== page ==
Proposal for checksum in wallet addresses (or all xorurls)

If funds are transferred to the xorurl of a Wallet or a SafeKey (ie this is equivalent to a bitcoin address) then it’s important this value is not erroneous and should contain a checksum.

The <cid> part of the xorurl (see rfc-0053 specification), ie the bold part in safe://hnyyyywzzm5s…ucy9e, is 61 characters and could use an ethereum style checksum by capitalizing characters that match any 1 bits in the first 61 bits of the xorname? Not sure the exact best way to derive the checksum but this seems like a simple way.

This would help prevent perceptions such as this: “seriously? there’s no checksum? you typo one character wrong and your ether is lost forever? Damn… TIL Ethereum has a massive design oversight”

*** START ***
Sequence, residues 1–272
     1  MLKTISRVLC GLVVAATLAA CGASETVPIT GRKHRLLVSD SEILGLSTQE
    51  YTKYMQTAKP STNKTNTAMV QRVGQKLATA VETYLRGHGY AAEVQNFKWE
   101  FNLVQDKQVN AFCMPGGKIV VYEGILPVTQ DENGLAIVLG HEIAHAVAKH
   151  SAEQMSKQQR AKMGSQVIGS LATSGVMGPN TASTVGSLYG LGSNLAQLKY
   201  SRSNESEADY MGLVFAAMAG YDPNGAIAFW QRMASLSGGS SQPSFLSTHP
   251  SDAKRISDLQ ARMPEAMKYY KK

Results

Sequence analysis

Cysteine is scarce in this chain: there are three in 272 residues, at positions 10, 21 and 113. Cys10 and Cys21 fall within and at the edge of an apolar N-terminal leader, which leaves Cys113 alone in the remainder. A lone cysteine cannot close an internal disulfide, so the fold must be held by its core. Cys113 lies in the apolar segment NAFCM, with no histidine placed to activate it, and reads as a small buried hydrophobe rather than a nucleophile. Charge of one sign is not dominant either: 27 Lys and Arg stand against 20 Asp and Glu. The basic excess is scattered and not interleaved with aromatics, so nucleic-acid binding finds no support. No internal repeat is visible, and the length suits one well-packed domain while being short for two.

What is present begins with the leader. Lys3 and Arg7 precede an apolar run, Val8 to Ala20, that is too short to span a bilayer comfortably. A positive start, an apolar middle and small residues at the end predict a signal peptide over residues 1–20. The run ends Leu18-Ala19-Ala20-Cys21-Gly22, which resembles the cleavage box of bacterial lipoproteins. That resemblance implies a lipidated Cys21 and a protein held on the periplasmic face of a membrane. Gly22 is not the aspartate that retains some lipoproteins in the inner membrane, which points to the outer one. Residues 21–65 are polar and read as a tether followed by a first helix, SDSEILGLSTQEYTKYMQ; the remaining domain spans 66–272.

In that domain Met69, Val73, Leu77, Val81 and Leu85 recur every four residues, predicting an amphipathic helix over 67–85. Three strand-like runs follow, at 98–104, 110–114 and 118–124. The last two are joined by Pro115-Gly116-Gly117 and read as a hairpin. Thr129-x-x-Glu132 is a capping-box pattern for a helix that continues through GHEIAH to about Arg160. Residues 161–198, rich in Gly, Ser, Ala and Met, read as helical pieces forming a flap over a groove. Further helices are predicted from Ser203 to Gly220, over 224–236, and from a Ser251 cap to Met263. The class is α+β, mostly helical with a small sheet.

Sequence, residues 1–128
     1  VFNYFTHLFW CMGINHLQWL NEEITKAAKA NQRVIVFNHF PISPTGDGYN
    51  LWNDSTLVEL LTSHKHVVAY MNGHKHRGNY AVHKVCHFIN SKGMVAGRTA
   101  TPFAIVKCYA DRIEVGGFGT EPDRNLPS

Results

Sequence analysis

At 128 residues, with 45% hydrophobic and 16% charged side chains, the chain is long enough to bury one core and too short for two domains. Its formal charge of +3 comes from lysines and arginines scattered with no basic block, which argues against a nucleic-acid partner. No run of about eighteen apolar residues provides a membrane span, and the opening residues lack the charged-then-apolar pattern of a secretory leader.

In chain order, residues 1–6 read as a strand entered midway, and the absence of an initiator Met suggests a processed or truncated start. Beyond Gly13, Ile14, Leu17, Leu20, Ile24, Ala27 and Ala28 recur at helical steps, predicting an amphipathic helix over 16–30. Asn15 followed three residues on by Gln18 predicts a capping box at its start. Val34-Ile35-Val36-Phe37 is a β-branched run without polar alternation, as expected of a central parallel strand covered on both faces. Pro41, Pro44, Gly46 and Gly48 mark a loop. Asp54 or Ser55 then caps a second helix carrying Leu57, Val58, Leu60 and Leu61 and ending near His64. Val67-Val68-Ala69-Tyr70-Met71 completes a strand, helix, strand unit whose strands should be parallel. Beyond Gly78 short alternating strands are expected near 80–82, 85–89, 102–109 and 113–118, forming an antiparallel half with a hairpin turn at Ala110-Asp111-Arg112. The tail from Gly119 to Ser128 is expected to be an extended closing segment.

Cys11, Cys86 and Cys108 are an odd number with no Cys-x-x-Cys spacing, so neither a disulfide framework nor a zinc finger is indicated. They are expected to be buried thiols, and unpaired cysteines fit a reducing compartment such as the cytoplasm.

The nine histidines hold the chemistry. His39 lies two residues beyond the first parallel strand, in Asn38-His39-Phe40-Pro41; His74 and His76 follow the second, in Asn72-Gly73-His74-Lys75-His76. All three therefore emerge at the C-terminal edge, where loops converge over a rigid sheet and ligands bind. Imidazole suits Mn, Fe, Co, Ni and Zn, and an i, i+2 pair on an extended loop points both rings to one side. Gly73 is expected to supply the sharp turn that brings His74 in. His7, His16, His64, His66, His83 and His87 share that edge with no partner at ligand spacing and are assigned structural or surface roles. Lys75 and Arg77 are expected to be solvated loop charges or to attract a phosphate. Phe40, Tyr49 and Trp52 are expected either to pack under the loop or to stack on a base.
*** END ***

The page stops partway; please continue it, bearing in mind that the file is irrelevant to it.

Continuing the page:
In theory this could apply to all xorurls, not just wallets and safekeys.

Any thoughts?


We have the opportunity to include hemming codes such that there is ECC rather than just checksum.

But if SAFE wants to present itself as “better than the rest” then this would be a simple addition to the code by including it in the class and it be automatic.


Error correction is a nice idea. Might be some useful stuff in bitcoin bech32 encoding BIP173.

guarantees detection of any error affecting at most 4 characters and has less than a 1 in 109 chance of failing to detect more errors

good example of the error detection in bech32 here